0
RESEARCH PAPERS: Radiative Transfer

New Radiative Analysis Approach for Reticulated Porous Ceramics Using Discrete Ordinates Method

[+] Author and Article Information
T. J. Hendricks

Advanced Modular Power Systems, Inc., System Design Department, 4667 Freedom Drive, Ann Arbor, MI 48108

J. R. Howell

Department of Mechanical Engineering, University of Texas at Austin, Austin, TX 78712

J. Heat Transfer 118(4), 911-917 (Nov 01, 1996) (7 pages) doi:10.1115/1.2822588 History: Received December 04, 1995; Revised June 11, 1996; Online December 05, 2007

Abstract

A novel radiative modeling technique using discrete ordinates has been developed for reticulated porous ceramics (RPCs) from experimental measurements of transmittance and reflectance on small samples of partially stabilized zirconium oxide (PS ZrO2 ) and oxide-bonded silicon carbide (OB SiC). The new technique defines and quantifies the direct transmittance fraction, fdt , of a reticulated porous ceramic, demonstrates how it redefines the extinction process, and creates a new effective extinction coefficient, Kλ,eff . This ultimately produces a modified form of the radiative transfer equation (RTE) and an innovative discrete ordinates formulation to solve the RTE unique to RPCs. The direct transmittance modeling approach has been compared to a more conventional homogeneous modeling approach, in which the direct transmittance effects are essentially ignored and the RPC is treated as a homogeneous lump of material. The two modeling approaches yield identical results in predicting small test sample reflectances and transmittances. The direct transmittance technique does demonstrate explicitly, through a unique relationship between absorption coefficients in the two modeling approaches, the importance of scattering processes in enhancing the absorption mechanism in RPCs. It can also be an important secondary modeling technique that imposes additional parameter constraints in an inverse analysis to help refine derived radiative coefficients.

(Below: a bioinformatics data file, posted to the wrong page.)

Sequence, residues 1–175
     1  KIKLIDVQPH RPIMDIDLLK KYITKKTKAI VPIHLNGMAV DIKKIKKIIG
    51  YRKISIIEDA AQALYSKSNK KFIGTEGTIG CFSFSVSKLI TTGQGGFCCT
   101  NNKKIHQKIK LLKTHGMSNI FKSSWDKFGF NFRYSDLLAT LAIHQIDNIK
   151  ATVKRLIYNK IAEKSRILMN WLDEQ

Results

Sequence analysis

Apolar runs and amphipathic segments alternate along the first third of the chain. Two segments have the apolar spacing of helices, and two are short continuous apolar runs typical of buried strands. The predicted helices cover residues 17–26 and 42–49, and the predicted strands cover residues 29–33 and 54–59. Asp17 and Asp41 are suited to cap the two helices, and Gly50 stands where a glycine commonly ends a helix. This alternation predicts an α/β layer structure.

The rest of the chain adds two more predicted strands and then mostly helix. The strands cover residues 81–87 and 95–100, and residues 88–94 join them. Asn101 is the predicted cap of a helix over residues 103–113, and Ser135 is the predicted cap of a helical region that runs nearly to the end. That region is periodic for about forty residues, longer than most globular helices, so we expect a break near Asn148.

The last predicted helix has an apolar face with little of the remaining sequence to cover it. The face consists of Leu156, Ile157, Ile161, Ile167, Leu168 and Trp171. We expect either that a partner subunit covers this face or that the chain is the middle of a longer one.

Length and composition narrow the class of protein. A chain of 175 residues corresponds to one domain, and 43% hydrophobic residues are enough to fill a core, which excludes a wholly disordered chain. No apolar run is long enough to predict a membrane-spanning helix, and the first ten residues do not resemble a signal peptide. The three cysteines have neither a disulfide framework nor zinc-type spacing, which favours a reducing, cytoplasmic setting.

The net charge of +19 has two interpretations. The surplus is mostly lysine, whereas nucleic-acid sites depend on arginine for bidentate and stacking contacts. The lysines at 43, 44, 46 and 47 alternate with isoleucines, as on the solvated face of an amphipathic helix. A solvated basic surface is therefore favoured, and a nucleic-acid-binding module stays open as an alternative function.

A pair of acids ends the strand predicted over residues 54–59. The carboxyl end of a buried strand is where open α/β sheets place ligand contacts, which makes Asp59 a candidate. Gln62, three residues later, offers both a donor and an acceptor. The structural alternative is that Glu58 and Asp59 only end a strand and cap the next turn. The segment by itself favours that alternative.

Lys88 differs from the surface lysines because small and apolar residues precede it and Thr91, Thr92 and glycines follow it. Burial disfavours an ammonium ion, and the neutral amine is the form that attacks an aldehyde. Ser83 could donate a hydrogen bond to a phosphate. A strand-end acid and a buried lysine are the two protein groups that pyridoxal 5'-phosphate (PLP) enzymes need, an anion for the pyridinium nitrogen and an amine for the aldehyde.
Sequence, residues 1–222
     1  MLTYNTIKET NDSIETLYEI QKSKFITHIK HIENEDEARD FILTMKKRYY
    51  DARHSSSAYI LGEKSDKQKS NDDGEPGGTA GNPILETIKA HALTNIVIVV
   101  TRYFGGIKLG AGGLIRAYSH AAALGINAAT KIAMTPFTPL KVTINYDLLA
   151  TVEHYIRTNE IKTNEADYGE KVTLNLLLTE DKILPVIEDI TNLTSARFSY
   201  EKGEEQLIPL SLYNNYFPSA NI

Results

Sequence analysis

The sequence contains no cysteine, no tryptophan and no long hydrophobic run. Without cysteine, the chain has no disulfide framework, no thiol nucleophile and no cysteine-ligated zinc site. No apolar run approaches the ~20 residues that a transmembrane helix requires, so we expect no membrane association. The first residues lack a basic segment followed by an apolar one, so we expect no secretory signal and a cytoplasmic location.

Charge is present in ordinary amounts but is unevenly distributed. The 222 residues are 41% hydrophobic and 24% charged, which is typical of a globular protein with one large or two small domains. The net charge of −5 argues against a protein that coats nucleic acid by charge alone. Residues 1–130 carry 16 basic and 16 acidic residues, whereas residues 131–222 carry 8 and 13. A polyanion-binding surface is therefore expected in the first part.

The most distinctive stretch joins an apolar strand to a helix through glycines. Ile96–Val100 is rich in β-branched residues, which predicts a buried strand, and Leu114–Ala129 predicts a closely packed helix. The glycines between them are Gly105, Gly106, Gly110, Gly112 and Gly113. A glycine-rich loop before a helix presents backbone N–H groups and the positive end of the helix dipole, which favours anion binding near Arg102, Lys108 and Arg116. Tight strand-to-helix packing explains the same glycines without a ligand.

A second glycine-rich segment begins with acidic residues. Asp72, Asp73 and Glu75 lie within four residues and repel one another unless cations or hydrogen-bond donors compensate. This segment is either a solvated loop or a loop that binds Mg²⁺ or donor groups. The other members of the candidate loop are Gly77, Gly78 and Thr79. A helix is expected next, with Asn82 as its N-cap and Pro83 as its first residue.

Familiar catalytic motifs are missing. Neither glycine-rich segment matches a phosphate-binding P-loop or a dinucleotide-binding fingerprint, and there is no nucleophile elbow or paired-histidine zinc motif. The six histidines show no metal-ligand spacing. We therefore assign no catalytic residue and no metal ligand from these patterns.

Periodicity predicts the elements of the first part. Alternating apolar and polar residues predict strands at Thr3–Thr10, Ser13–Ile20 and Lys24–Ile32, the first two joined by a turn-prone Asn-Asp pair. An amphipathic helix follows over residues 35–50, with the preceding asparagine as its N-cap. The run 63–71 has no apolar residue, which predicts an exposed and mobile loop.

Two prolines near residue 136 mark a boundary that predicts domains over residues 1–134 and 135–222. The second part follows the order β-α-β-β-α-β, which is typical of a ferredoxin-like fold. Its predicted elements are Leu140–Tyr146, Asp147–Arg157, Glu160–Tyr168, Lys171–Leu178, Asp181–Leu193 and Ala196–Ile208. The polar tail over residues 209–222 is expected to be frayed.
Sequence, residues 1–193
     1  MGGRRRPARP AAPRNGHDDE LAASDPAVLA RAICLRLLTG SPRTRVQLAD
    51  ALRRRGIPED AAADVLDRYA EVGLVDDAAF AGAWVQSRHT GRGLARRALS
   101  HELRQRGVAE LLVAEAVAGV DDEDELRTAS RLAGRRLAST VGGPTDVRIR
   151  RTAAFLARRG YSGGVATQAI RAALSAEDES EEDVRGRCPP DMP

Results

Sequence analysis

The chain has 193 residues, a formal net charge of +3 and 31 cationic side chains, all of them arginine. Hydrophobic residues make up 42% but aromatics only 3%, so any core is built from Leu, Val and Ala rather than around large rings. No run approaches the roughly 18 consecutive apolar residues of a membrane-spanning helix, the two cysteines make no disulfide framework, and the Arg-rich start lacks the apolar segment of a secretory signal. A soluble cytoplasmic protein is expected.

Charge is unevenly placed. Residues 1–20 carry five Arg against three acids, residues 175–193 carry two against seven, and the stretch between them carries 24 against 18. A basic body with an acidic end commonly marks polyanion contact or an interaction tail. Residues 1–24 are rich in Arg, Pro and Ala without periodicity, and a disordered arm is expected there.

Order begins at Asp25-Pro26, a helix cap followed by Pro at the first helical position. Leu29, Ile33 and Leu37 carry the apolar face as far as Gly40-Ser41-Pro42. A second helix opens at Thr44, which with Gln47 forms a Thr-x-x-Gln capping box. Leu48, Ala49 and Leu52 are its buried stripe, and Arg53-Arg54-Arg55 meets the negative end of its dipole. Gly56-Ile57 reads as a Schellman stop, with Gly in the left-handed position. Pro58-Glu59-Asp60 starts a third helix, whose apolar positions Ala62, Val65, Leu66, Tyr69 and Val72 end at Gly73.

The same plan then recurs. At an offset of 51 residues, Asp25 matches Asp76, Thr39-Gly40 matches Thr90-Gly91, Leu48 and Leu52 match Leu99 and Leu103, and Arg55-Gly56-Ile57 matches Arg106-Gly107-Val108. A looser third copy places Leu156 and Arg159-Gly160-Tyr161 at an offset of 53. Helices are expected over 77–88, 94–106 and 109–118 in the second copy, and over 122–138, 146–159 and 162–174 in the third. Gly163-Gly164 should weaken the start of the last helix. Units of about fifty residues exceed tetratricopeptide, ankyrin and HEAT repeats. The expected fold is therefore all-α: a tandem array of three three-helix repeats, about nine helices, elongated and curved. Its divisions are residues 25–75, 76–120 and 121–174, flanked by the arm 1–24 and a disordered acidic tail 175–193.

Copyright © 1996 by The American Society of Mechanical Engineers
Your Session has timed out. Please sign back in to continue.

References

Figures

Tables

Errata

Discussions

Some tools below are only available to our subscribers or users with an online account.

Related Content

Customize your page view by dragging and repositioning the boxes below.

Related Journal Articles
Related eBook Content
Topic Collections

Sorry! You do not have access to this content. For assistance or to subscribe, please contact us:

  • TELEPHONE: 1-800-843-2763 (Toll-free in the USA)
  • EMAIL: asmedigitalcollection@asme.org
Sign In